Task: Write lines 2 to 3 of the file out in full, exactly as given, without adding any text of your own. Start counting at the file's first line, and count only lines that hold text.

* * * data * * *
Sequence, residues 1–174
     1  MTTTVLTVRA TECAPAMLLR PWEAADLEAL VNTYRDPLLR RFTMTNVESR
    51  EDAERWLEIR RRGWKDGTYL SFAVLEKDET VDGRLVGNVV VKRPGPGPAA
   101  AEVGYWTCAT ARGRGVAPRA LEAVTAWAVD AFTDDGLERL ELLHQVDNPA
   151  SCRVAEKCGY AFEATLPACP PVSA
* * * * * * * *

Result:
     1  MTTTVLTVRA TECAPAMLLR PWEAADLEAL VNTYRDPLLR RFTMTNVESR
    51  EDAERWLEIR RRGWKDGTYL SFAVLEKDET VDGRLVGNVV VKRPGPGPAA